“We have to be flexible and versatile. We like the idea of having a large variety of project types to work on so that if one industry is down, or one geographic region is tapering off, we can make sure that we keep our shops full,” Haas said.
Haas believes that hiring great people is an integral part of the company’s cycle of growth. HME has an extensive recruiting program called Skilled Student Program. It includes employing a weekend crew of engineering and business students from local universities as well as offering part-time employment opportunities for students attending technical schools. Here, Dayne Eaton (left), operations staffing manager, gives a tour to Washburn Tech welding students.
Several dynamics influenced the situation. “The pandemic significantly impacted equipment schedules and the supply chain and extended our backlog. This made our need for additional production capabilities even more urgent,” Haas said.
The challenges inherent in the skilled operator shortage factored in. Cost, space, and safety were considerations as well.“It was important to us that we stayed within a reasonable budget and footprint.”
COO Mohan is one of those great people that Haas hired. He also had collegiate beginnings with structural metal fabrication, having been introduced to the company as an engineering student through his senior design project. He joined the company right out of college and has been employed there for more than 19 years.
Mohan and his team spent several months evaluating, sketching plans, visiting other plants, and discussing options with equipment suppliers to determine the best fit for the company’s needs.
“Ultimately, we selected equipment with the ability to handle long, heavy members in as small a footprint as possible with delivery schedules aligned with our production needs at an affordable cost,” Mohan said.
The saw, drill, and coper are housed in one building, all in series. The cross transfers and conveyors are outdoors.
“By keeping the machines next to each other, we were able to keep the footprint down to 80 ft. of infeed and 80 ft. of outfeed with a 50-ft.-wide building between them that houses the equipment,” Mohan said.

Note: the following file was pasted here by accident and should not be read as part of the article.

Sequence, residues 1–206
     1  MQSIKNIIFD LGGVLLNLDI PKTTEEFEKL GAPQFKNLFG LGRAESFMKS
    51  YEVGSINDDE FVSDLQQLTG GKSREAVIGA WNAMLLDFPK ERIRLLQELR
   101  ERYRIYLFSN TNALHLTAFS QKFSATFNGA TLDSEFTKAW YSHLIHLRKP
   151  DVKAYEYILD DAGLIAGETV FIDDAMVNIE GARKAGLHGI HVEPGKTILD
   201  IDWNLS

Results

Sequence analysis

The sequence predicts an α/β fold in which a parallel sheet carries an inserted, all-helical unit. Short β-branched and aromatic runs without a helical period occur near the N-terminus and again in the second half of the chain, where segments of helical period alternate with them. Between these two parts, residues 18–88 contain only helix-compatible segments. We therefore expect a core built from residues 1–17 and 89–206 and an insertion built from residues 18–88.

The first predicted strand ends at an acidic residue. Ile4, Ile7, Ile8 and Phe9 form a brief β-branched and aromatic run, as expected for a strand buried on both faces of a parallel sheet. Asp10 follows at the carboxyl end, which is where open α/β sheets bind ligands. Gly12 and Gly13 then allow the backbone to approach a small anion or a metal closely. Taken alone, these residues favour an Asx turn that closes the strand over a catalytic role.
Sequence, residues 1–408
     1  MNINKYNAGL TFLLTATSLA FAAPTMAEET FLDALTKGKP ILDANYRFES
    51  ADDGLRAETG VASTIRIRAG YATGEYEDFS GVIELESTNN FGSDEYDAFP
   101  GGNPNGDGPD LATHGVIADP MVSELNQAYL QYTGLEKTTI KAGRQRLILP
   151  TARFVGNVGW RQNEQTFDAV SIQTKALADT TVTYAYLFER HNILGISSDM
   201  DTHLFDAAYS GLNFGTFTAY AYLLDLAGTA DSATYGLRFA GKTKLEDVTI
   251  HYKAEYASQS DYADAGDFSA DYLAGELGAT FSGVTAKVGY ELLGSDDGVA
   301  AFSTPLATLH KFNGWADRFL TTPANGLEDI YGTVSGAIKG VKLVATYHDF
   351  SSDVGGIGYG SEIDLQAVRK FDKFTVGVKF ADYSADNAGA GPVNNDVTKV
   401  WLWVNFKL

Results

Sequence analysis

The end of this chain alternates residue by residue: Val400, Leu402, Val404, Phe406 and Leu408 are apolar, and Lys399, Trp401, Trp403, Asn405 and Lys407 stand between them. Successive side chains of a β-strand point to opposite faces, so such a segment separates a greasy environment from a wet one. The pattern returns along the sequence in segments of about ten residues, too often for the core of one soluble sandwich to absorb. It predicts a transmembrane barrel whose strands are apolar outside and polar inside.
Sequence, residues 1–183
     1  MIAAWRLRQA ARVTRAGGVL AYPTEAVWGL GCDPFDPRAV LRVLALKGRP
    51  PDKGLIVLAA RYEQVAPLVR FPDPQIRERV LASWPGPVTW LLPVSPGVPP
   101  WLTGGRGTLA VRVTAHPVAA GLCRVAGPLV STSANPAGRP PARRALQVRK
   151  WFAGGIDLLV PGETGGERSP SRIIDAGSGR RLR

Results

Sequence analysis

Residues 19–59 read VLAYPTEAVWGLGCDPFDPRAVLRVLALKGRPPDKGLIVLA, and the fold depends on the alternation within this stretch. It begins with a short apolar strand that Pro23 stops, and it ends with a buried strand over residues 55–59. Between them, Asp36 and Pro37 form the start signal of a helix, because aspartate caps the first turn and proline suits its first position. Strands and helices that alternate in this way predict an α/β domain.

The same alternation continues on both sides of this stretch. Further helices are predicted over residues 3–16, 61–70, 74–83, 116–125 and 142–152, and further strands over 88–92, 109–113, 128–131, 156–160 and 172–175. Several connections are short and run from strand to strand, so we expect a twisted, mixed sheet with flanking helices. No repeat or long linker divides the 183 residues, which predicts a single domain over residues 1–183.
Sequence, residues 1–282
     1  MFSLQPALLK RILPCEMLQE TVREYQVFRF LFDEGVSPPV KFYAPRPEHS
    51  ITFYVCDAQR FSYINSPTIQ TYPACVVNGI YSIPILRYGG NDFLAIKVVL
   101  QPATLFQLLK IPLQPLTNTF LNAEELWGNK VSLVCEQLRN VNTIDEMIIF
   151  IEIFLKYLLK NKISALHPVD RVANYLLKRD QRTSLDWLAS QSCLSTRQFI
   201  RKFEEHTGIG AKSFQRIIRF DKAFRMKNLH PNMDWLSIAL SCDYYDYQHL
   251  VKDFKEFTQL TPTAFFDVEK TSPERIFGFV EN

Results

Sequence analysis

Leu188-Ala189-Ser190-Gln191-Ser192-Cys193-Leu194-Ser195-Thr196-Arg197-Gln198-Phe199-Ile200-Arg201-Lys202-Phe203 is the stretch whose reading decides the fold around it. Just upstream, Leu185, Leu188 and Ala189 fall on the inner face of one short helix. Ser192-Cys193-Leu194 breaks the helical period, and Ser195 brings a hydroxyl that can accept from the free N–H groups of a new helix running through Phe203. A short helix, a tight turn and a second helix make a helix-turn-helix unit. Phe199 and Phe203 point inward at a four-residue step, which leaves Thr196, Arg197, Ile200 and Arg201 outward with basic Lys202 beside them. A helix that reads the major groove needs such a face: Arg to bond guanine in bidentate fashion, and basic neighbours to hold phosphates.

All the material handling—the forklifts and sky track-type telebooms—is done outdoors where there is plenty of space to move around and sort materials. The beams are loaded onto the 80-ft.-long cross transfers, rated for the 800 lbs./ft. “We can move a long, heavy item in quickly, get it through the processing, back out, and then load it on the trailers for the welding operations,” Mohan said.
One drawback of the integrated layout is that one beam occupies all three of the machines at the same time. When the saw is sawing, the drill can't be drilling; when the drill is drilling, the coper can’t be coping. Theoretically, a “split” layout in which the three machines operate independently could process beams faster. However, Haas and Mohan determined that the integrated layout would be best overall.
“We gave up some production speed with this arrangement but saved approximately 220 ft. of conveyor distance that we would have had with a split system,” Mohan said. “Also, we liked the idea of having one operator being able to operate multiple machines rather than needing an operator for each machine. That really saves manpower when there's such a worker shortage because of COVID.”
The fabricator expanded its beam processing range with a Peddinghaus DG-1250 band saw, a BDL-1250/9D drill line, and a single-torch coping machine to fabricate beams up to 80 ft. long and 800 lbs./ft.